How Does a Company Satisfy the Work Product Motivation Element for Post-Accident Investigations? (Part II)

April 20, 2016

Last week’s Privilege Point discussed a court’s rejection of a work product claim for a routine post-accident incident report. That defendant did not establish that the report was different from reports following accidents not likely to result in litigation.

In In re Bard IVC Filters Products Liability Litigation, MDL No. 2641, 2016 U.S. Dist. LEXIS 17583 (D. Ariz. Feb. 11, 2016), a medical device company’s lawyer hired a former employee as a consultant to investigate several patient deaths allegedly associated with the company’s device. Plaintiffs argued “that the Report was prepared in the ordinary course of business” — but the court disagreed. Id. at *79. It pointed to the defendant’s in-house lawyer’s and the consultant’s testimony “that the Report was an unusual undertaking,” was “a more extensive, detailed analysis than [the company] normally created,” and “was substantially different” from other reports. Id. at *80, *86. Although acknowledging that “there are some similarities” between the Report and the defendant’s ordinary product investigations (called “health hazard evaluations”), the court cited the consultant’s testimony about numerous specific differences between the Report and those ordinary evaluations. Id. at *90, *72. Significantly, the court also reviewed in camera both ordinary evaluations and the withheld Report — concluding that the court’s “close review of the [health hazard evaluations] and the Report confirms these distinctions.” Id. at *87.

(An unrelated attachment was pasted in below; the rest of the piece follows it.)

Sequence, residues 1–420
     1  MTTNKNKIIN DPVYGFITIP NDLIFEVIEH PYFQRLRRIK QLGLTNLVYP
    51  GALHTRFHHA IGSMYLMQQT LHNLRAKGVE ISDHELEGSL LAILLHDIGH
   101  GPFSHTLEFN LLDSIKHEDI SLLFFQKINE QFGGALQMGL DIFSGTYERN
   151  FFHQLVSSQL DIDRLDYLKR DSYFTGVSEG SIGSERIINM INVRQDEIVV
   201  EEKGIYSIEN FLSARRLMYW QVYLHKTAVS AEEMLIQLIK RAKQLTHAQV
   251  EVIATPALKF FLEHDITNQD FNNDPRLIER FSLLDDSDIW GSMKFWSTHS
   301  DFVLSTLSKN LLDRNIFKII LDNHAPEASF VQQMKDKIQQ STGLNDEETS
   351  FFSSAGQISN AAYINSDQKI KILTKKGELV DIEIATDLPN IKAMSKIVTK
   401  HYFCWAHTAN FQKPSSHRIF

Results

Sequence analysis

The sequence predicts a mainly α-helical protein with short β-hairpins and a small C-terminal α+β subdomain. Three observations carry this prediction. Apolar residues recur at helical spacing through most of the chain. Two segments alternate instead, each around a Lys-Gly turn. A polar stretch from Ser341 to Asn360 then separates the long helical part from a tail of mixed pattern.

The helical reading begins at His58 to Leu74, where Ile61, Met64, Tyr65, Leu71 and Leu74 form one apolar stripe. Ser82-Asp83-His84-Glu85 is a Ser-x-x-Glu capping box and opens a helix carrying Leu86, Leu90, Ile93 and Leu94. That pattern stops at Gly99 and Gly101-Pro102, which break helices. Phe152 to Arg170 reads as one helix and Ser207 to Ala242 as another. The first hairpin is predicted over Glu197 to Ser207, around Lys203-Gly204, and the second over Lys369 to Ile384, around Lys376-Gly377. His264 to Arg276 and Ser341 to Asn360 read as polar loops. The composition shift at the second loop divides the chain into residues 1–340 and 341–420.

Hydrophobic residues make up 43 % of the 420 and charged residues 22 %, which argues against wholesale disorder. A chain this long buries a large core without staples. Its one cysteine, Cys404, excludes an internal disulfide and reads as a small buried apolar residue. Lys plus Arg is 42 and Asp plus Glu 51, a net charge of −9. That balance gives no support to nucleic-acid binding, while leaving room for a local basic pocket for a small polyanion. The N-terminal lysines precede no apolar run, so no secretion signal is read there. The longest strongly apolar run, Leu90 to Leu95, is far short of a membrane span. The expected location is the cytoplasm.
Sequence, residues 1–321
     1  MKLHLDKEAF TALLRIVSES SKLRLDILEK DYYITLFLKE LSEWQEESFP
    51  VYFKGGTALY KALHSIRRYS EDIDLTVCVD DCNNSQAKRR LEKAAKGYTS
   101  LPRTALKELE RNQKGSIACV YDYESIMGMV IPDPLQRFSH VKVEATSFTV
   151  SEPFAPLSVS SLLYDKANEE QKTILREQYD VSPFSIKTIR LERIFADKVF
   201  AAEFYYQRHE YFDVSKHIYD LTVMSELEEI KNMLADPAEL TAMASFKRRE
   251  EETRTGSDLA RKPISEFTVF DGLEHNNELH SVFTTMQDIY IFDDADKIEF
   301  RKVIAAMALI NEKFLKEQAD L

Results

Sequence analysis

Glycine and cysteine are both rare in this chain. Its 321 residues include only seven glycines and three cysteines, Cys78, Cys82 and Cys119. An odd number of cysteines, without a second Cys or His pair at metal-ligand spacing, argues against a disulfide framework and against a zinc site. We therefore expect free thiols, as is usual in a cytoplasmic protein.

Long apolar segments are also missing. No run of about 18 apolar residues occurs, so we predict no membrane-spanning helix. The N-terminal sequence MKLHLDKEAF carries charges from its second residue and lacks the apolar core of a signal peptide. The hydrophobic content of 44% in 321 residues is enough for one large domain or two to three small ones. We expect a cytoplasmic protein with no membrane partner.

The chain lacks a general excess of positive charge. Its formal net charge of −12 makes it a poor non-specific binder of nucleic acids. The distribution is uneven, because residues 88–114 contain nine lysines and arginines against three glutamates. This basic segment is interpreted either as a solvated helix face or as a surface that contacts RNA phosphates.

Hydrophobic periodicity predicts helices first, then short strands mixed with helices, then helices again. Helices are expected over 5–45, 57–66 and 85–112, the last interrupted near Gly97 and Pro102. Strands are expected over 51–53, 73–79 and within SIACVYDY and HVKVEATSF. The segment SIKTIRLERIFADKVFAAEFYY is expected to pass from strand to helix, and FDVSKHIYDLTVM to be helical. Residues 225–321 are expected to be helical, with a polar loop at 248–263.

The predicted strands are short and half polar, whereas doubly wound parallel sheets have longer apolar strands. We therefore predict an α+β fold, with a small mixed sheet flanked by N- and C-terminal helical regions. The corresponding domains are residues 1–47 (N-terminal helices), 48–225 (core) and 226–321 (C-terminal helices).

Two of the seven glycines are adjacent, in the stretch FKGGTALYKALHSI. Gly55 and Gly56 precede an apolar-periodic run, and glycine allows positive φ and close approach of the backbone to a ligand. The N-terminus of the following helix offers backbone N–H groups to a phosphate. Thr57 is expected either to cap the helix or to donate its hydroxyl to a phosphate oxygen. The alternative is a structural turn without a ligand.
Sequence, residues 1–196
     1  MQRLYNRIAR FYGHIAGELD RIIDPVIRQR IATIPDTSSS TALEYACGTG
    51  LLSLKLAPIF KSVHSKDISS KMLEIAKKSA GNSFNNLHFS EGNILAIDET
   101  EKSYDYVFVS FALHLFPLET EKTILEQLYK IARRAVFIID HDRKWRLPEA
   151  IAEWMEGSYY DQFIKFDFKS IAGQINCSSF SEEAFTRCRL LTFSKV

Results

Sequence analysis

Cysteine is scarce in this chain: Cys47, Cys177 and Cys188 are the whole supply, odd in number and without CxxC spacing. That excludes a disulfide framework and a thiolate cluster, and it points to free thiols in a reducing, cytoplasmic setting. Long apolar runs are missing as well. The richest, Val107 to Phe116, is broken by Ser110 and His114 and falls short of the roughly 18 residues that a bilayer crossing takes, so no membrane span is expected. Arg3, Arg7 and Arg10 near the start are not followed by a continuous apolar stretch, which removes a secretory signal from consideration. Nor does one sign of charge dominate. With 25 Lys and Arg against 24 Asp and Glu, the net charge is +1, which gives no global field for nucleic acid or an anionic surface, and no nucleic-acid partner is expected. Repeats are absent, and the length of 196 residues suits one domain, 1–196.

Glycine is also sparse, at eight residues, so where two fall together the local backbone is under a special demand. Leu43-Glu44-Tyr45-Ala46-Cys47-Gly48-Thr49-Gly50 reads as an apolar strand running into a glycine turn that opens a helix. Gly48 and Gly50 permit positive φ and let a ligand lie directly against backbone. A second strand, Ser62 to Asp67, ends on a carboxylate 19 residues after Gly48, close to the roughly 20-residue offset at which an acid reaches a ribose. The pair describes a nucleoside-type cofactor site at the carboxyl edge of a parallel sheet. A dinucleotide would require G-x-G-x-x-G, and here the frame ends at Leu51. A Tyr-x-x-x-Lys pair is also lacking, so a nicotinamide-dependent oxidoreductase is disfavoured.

Companies motivated by anticipated litigation to conduct post-accident investigations normally must establish such investigations’ differences from other ordinary and routine incident reports — remembering that courts may well read both types of documents in camera.